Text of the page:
This tree population consists of trees of very different diameters, ages and heights. Species are mixed: mainly pine, but also beech, rowan and whitebeam. This is an irregular mature forest, a forestry dynamic that is interesting for several reasons: it creates permanent forest cover; resistance to soil erosion; better resilience against storms or parasite attacks; regular production, etc. In the small clearing to the left of the path, the sunlight now penetrating to the forest floor has made natural regeneration of beech and fir possible, ensuring the renewal of the forest.
Another method of creating a durable forest cover is to plant or sow. This work is carried out either on bare soil or among existing tree stands. The Aigoual reforestation programme was a gigantic effort, requiring 900,000 days of work, the planting of 60 million conifers and 7 million deciduous trees, and sowing of 38 tonnes of seeds. Spruces and pines, which can be planted in full sunlight and grow quite quickly, were widely used. Under the forest canopy, preference was given to firs.
Mountain-bike route #2. From the car park at the pass, head towards the signpost “Col de La Serreyrède” and then towards “Col de Faubel”, via the crossroads Trévezel, Col de Pierre Plantée, La Tourbière du Trevezel, Bois de Miquel and La Pépinière. From “La Pépinière”, you can do an optional there-and-back to the Col de Faubel. Return to the Col de la Serreyrède via Montclau, Col de l'Espérou, Serre de Favatel and Le Trévezel.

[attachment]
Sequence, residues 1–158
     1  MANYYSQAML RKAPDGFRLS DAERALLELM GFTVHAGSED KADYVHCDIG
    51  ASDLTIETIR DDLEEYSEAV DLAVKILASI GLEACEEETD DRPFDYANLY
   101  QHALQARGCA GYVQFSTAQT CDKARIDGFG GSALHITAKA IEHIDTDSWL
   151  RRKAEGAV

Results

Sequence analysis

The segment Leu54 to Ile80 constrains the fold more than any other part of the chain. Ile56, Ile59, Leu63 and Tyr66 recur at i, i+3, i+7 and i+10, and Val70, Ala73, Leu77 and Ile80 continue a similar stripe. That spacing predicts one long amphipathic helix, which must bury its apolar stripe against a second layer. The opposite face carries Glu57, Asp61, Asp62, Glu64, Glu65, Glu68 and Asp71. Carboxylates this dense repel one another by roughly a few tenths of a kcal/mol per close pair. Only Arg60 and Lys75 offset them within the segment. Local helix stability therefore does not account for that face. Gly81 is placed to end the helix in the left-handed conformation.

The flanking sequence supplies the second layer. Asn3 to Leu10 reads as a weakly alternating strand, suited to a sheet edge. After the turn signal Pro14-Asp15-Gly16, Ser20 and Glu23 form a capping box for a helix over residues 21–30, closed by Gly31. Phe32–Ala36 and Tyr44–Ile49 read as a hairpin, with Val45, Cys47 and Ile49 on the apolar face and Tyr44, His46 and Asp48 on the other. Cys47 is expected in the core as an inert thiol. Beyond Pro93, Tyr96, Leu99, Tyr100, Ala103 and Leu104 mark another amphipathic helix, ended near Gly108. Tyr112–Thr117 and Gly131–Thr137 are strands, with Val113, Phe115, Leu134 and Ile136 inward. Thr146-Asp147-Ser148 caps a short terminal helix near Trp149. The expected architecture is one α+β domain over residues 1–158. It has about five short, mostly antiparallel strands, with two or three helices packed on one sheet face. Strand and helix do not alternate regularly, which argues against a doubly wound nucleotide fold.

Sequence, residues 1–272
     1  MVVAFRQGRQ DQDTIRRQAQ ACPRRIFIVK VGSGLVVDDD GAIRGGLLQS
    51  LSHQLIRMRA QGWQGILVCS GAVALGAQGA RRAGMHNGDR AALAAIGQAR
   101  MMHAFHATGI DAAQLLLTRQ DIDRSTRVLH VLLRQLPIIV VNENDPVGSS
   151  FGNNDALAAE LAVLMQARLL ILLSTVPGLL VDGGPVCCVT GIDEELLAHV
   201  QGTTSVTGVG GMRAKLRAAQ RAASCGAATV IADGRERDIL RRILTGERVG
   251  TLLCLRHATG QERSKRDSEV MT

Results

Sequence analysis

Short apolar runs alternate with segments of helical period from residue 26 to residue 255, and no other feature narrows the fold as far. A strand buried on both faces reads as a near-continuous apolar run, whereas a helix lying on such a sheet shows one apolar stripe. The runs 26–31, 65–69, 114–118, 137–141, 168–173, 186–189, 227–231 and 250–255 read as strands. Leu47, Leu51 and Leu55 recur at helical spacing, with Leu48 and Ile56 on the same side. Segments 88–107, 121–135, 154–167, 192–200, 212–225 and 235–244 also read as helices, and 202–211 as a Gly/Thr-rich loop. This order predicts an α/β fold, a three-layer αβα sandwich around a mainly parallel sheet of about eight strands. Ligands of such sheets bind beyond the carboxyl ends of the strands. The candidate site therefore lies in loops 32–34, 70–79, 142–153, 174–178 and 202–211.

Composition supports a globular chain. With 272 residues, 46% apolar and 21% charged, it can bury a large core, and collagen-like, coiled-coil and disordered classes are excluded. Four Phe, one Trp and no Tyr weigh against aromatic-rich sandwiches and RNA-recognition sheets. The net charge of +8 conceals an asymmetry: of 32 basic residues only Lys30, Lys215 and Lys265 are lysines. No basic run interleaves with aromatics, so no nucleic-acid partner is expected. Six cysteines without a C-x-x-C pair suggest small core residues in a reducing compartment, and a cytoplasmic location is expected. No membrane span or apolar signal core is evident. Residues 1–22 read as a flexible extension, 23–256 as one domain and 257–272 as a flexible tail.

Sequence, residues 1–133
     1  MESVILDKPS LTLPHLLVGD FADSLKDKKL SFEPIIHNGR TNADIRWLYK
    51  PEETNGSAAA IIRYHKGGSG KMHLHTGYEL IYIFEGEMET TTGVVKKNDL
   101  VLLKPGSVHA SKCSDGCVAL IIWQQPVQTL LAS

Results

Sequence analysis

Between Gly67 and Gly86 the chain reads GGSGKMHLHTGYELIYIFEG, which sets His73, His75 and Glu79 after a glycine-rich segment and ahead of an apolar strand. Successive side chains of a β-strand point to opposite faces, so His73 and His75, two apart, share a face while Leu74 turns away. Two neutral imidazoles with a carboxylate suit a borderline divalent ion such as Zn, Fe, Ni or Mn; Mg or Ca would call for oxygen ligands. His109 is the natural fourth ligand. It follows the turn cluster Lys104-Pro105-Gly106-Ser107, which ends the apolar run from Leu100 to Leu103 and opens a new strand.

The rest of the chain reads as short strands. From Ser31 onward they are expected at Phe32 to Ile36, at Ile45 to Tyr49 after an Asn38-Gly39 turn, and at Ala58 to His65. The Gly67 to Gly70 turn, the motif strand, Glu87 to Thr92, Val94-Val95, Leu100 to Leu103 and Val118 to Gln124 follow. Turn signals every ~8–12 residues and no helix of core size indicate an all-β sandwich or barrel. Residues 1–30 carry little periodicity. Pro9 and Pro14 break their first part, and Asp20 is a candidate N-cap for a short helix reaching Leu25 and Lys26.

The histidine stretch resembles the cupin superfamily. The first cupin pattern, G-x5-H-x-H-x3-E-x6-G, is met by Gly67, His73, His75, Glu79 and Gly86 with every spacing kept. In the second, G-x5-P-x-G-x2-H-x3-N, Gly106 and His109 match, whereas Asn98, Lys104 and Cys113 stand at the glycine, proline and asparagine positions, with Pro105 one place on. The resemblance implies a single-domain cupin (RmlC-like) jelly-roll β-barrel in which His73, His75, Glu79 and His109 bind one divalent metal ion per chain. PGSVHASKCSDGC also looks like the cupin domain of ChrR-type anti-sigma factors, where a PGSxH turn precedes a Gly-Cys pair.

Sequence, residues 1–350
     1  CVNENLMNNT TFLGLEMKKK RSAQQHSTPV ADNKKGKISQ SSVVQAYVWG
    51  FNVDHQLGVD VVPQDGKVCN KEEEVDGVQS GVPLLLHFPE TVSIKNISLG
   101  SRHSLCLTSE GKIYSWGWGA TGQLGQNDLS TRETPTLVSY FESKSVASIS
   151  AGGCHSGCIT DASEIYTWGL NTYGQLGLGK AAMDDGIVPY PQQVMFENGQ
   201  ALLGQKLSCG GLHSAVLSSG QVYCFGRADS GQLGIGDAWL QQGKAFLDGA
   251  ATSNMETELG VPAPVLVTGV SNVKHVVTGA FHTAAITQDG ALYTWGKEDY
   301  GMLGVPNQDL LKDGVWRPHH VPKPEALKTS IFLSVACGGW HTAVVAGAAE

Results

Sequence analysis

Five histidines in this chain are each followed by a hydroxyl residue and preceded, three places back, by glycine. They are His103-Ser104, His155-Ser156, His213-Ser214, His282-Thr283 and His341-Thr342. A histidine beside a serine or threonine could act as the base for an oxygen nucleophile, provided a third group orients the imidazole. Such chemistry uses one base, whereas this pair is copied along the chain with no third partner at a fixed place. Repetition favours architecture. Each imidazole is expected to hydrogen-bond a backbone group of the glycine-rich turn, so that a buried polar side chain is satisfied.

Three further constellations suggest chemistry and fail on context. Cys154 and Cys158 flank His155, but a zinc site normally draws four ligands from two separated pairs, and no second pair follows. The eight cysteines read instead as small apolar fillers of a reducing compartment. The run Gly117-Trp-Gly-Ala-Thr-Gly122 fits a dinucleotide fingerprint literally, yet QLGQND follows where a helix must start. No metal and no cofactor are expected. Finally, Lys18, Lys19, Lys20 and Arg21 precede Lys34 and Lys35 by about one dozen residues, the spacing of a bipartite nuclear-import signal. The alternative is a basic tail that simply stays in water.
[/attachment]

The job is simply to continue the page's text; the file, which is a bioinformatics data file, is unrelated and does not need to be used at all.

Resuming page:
Please wear appropriate clothes and footwear, and bring warm clothing. Before setting off on a trail, check that it is suitable for your activity and level of ability. Helmets must be worn when mountain-biking. Protective equipment is recommended. Verify that your gear is in good condition. Preferably bike with others, and inform those close to you of your route. Respect other trail users, and stay in control of your speed and trajectory. Keep an eye on the forecast: violent storms or sudden floods can be dangerous. For your own safety, do not venture into hunting areas – hunts in progress are indicated by signs (“Chasse en cours” or “Battue en cours”). Respect property, livestock and other users of the area. Biking off-road is prohibited.
Tourism & national parc'house
Col de la Serreyrède, 30570 Val d'Aigoual
04 67 82 64 67
The Maison de l'Aigoual houses the tourism office Mont Aigoual Causses Cévennes and the Maison du Parc national. This visitor centre provides information on and raises awareness of the Cévennes National Park, its sites and events as well as the rules that must be observed in the National Park's central zone.
On site: changing exhibitions, video projections, Festival Nature events and shop Open year-round
D40 or D42 to Le Vigan, then CCC8 to L’Espérou
Access and parking
Col de la Serreyrède pass, on the D 986 from L'Espérou